While there isn’t a monetary penalty for missing your Annual Report due date, an outstanding Annual Report will cause your LLC to lose its good standing with the state. Without good standing, your business can’t make certain transactions, acquire financing, expand to other states, and more. Remain out of good standing long enough and the state may administratively dissolve your LLC.
Actually filing the Annual Report is a pretty simple process. After you access the online form, you just need to enter the following information:
- The LLC’s mailing address
- The principal office address
- Your name and title
- Your email address
- Principal name(s) and address(es)
If none of your information has changed from the year before, you won’t have to do much. Even if certain things have changed, all you need to do is enter the appropriate updates. It likely won’t take you more than a few minutes.
The Connecticut Secretary of State requires that all Annual Reports be submitted online. There isn’t even a paper form available on their website. Fortunately, the online filing process is quick and easy.
Simply go to Connecticut’s Annual Reports page and click “File Annual Reports Online.” From here you can either sign in to your account or continue without logging in (continuing without logging in works just fine for Annual Reports). Search for your LLC by business name or ID number. Select your business and follow the instructions to complete your report.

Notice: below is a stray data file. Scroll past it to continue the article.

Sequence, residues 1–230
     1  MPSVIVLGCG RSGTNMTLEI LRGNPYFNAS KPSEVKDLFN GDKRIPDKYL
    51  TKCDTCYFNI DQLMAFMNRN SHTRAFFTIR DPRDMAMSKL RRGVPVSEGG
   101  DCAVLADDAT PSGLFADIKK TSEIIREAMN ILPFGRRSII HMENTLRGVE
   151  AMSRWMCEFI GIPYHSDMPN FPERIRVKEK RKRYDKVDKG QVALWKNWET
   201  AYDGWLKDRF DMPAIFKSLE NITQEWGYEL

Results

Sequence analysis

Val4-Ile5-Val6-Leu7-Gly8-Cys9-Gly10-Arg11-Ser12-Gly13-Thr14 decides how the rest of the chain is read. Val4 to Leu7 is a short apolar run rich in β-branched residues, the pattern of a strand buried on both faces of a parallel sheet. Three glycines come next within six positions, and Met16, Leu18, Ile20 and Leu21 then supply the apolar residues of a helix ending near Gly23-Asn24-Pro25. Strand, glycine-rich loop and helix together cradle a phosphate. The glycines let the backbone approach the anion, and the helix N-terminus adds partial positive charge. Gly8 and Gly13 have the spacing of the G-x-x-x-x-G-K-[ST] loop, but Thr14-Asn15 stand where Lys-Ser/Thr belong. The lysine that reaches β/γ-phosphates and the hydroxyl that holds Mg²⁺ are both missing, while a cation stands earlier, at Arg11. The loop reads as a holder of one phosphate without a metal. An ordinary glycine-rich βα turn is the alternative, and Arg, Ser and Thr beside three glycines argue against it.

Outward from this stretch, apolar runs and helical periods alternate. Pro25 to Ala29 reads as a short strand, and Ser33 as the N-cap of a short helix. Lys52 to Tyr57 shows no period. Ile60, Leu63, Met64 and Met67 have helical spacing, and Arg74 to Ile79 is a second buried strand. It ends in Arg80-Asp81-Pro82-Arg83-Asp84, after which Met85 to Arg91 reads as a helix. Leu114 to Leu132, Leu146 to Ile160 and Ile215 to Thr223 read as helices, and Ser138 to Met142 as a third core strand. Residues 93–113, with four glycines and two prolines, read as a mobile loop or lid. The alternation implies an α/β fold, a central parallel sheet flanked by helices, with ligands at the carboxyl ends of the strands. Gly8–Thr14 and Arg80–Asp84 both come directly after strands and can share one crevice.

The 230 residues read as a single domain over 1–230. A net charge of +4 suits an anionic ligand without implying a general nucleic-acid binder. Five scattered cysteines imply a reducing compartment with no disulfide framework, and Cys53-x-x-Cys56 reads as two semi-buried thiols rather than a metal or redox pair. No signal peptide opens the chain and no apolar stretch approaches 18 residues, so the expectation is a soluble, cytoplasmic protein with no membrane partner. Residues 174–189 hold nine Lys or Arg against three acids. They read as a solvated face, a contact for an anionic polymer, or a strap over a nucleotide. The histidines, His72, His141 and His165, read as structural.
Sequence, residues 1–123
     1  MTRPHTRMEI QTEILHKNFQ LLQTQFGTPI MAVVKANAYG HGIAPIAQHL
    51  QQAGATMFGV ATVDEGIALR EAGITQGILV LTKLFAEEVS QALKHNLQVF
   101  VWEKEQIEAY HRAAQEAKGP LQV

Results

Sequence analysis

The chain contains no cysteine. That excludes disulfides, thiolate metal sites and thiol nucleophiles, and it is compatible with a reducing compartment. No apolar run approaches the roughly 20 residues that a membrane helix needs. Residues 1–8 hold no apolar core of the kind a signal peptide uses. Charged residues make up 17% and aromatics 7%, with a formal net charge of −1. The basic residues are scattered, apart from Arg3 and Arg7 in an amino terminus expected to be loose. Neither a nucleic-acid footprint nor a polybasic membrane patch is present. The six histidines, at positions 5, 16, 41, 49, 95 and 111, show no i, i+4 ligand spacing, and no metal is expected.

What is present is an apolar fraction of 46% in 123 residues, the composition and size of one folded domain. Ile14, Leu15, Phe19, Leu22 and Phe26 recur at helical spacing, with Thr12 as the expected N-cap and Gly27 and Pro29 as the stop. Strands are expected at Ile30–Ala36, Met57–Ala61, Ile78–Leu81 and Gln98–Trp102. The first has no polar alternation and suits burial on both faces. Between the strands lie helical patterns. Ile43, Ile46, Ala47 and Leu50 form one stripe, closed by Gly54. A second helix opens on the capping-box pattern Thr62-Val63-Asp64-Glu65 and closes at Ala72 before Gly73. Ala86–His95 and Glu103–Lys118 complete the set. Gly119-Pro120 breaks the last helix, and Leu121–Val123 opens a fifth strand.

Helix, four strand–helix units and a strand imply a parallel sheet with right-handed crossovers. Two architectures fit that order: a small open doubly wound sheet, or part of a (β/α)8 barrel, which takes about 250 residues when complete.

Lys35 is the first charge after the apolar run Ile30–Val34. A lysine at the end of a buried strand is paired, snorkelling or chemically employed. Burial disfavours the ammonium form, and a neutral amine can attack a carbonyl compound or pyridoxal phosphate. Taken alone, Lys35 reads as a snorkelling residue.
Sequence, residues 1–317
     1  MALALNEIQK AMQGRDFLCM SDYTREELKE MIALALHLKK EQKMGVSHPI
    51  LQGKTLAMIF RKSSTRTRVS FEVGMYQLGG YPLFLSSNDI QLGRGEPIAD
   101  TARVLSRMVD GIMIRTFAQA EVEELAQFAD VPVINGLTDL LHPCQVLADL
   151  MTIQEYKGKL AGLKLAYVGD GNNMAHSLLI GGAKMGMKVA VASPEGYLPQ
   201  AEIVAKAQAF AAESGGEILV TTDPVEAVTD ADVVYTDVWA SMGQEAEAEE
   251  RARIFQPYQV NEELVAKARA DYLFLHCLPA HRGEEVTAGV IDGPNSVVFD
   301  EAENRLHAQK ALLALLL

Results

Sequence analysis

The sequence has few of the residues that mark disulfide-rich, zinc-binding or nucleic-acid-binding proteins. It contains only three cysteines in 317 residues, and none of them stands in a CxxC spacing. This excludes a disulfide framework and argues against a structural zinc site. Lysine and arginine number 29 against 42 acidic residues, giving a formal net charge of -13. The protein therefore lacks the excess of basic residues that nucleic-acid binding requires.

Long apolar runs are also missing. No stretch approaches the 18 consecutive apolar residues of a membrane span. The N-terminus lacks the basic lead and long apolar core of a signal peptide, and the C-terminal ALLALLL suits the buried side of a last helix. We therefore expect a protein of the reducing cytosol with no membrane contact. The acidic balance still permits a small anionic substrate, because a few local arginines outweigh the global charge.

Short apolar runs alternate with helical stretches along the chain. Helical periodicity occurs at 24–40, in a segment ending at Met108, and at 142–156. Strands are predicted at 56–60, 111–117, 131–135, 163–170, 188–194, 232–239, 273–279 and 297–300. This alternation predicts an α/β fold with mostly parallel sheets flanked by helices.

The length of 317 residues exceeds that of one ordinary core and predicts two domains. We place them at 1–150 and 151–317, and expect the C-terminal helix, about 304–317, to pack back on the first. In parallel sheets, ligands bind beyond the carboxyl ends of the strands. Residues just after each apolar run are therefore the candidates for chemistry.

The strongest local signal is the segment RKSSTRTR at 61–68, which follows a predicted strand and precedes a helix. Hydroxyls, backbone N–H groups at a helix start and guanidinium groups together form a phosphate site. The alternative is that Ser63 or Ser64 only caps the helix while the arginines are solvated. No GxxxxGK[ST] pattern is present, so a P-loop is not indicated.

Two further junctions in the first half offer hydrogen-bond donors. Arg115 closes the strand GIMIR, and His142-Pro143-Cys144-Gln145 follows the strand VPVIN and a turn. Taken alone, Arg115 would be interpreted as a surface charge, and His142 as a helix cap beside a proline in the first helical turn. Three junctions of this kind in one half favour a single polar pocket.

After you’ve entered your information, you’ll arrive at a payment screen, where you can use a credit or debit card to pay the $20 fee and complete the filing. Your Annual Report will be filed immediately.
Does the State Send Reminders?
Reminders are always nice. They help you stay on top of your business requirements and ensure that you won’t fall out of good standing.
As a courtesy, the state will send an email reminder one month before the Annual Report due date. If you don’t have an email address on file, they will mail a postcard instead. That said, it’s still wise to mark it on your calendar, set a reminder on your phone, write it in your planner, or do anything else to remember to file on time.
Can I Hire a Service to Handle it?
You probably have a full plate as it is, and the thought of adding one more responsibility to your to-do list might make you shudder. You’re not alone.
Plenty of other LLC owners have outsourced their reporting duties to LLC services. These companies will take the entire process off your hands, handling your Annual Report each year. If that piques your interest, we recommend ZenBusiness, which is an experienced and trustworthy LLC company.
But their services aren’t restricted to forming an LLC or managing Annual Reports. They can also help you form your business, draft an operating agreement, handle registered agent responsibilities, and much more, all for a reasonably low price.
If thinking about your LLC responsibilities ties your stomach in knots, let ZenBusiness take some of those worries off your plate.
There you have it, everything you need to know about Connecticut’s reporting requirements. Follow this guide to a T and your LLC will be prepared to operate smoothly and in good standing long into the future.
And remember, if at any point it seems overwhelming, you’re not alone. A good LLC service like ZenBusiness (or LegalZoom) can be a valuable resource, taking care of all the little details, so you can focus on growing your business.